A Swamp called Colenso
The idea of a trip to a blue lake nestled in the trees with sandy beaches and a chance for a swim seems to attract trampers like a cat to smelly fish. The numbers for the open tops trips in past years have been quite low so this year we opted for just one trip at anniversary weekend and had 18 book in on the trip. So many in fact, that several experienced trampers pulled out to arrange an alternative to keep away from the crowds, including me. So when Viv had to pull out and ask me to lead the trip, I was slightly reluctant. It was in fact, very good to see so many people wanting to go on an extended trip. In the end I think it worked for everyone.
We stayed at Turangi on the Thursday night and then drove to Mokai Station at the back of Taihape the next day, leaving the carpark at about 11:00am. The route is quite different to what is shown on the 260 series map and we were blessed to have both Rowen and Don who knew the way to Iron bark Hut. Unfortunately they did not completely agree on the detail of the route. Being in the faster group, Rowen the navigator and his band were not close enough to confer with Don the pilot, whose knowledge was suffering rust stains. Don’s horse track had become overgrown and due to the huge hill (Mokai Patea itself), we were sore tempted to sidle into the saddle too early while the others went high past the scrub and gulches. Eventually we all met up at Iron Bark hut making mental notes about the route and whose advice to take in the future.
Next day we crossed the Maropea River and set off up the very steep scrabble onto the Ruahine Drop-off that forms the first part of the ridge to Colenso Hut and Lake Colenso (a Ruahine drop-off is like Viv’s Kaimanawa Drop-off on steroids). The track climbs like most Ruahine tracks, straight up a very steep ridge, 400 vertical metres to a summit and then up and down along the ridge to a similarly steep descent. Next is a quite exposed sidle for 30 minutes around the end of a spur to the plateau and basin of Lake Colenso. Geologically, Lake Colenso was formed by a slump in a limestone and Papa Clay ridge system that subsequently filled with water to make a swamp with sufficient depth to cover all the tree stumps. The “lake” is shallow, warm and an opaque green due to the algae and weeds growing in the water. The surrounding bush of the plateau has a dense flora rather reminiscent of the northland jungles rather than the beautiful beech forest typical of the rest of the range.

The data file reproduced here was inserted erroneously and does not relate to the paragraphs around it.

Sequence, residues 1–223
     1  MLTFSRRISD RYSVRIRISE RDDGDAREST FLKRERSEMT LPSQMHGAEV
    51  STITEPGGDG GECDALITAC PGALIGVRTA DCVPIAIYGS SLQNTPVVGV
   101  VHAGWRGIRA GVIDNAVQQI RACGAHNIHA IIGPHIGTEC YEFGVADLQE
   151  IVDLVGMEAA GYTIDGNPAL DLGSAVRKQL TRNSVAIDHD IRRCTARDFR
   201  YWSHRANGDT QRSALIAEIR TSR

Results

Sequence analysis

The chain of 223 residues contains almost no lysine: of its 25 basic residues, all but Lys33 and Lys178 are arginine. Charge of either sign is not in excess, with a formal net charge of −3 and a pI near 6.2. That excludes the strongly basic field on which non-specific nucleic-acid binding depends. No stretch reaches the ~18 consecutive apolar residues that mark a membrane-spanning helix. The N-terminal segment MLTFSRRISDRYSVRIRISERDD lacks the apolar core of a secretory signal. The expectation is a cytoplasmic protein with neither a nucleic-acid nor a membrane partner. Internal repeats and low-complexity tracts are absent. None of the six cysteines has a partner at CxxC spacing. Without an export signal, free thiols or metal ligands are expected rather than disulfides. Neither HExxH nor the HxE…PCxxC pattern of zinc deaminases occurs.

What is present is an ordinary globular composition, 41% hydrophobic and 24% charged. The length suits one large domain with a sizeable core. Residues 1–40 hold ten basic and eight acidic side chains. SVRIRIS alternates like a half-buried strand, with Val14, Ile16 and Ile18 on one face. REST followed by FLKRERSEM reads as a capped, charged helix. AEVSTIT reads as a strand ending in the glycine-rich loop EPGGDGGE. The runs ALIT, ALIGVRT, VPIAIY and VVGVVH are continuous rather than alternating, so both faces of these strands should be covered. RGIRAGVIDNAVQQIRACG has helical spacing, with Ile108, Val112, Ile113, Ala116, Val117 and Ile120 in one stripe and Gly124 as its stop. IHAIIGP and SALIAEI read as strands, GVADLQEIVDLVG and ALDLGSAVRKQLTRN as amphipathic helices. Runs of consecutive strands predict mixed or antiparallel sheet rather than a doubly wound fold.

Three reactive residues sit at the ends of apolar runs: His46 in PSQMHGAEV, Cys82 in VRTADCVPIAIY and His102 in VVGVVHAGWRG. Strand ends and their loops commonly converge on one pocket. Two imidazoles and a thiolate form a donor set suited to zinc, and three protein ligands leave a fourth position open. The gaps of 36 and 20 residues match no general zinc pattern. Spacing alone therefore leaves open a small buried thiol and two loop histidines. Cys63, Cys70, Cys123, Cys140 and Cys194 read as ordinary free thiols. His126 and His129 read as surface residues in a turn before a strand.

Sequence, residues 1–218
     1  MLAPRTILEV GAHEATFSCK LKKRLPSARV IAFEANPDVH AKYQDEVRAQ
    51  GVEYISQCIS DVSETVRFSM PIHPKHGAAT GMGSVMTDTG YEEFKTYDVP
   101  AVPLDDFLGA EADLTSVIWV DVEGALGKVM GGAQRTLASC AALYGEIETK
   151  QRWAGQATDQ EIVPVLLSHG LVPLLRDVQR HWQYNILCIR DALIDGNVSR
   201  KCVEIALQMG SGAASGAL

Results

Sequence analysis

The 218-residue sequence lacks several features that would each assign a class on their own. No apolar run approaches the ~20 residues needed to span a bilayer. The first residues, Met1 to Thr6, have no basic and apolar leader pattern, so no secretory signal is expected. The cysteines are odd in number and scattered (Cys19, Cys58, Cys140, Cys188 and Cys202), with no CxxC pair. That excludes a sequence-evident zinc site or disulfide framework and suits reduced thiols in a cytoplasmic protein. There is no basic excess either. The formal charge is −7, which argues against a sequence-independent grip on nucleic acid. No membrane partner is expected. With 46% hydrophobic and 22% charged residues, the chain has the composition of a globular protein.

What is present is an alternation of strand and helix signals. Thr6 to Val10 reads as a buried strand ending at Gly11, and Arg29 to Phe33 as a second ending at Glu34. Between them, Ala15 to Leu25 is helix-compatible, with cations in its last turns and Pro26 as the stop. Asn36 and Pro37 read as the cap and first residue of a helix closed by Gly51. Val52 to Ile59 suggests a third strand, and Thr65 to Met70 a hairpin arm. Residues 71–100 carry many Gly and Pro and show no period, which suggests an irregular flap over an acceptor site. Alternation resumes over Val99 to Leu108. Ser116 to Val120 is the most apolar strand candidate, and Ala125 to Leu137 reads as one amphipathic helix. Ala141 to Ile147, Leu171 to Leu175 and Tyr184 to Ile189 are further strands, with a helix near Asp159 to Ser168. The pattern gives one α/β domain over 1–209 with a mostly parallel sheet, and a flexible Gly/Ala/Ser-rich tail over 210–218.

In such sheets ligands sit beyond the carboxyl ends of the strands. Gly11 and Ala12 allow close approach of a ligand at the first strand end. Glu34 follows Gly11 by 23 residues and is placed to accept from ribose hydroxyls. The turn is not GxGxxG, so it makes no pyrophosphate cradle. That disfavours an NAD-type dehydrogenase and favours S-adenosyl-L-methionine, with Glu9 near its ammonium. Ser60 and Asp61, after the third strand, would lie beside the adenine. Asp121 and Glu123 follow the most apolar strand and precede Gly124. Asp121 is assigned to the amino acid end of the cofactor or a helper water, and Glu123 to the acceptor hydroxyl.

That evening a tropical depression off the east coast brought misty rain. The Hut is situated on the left bank of the Mangatera River. It looks out across river flats filled with budlea and lupin, apparently flourishing due to the decline in the deer population. Iron Bark to Colenso was about 5 hours.
The next day four of the party left early to go via Unknown Stream to Otukota Hut while the main party returned to Iron Bark hut. The following day we all set off up respective routes to meet on the top of the Mokai Patea Range for lunch. The Otukota Party did not like the look of the northern route to the Mokai Patea Range and elected to take the much longer southern ridge. I had been warned by DOC about the northern access on a previous occasion but when asked this time they did not mention any problem.
As we approached the summit of Mokai Patea, some party members seemed to suffer an acute attack of letsgethomeasfastaspossible-itis. Don the Pilot elected to escape down the long leading ridge from Mokai Patea while the rest of the party went south along the range, with some grumbles of various sorts, to meet the polled route down to Mokai Station. The route is certainly steep even if the drop-off is a bit shorter. I would not like to do it on wet grass.
The weather was just glorious and we had fabulous views east and north into the Ruahine Range, out across the papa clay country of the Mangawekas, Ruapehu and Ngaruahoe and south along the Mokai Patea towards the Ruahine high points of Hikurangi and Mangaweka. That is what I go tramping for, and so I was in no hurry to leave the tops. It seems that not so many others share Viv’s and my passion for the open tops. But then I cut my teeth in the Tararuas.
Eventually we had to get down and suffer the long grind home in the car.
On the party were: Clive & Helen Bolt, John & Briar Gregory, Don Rolls, Rowen Crawford, Brenda Williams, Rob Whorley, Marcel Horvarth, Annette Ashton, Lesley Hawke and Arnold VanZon.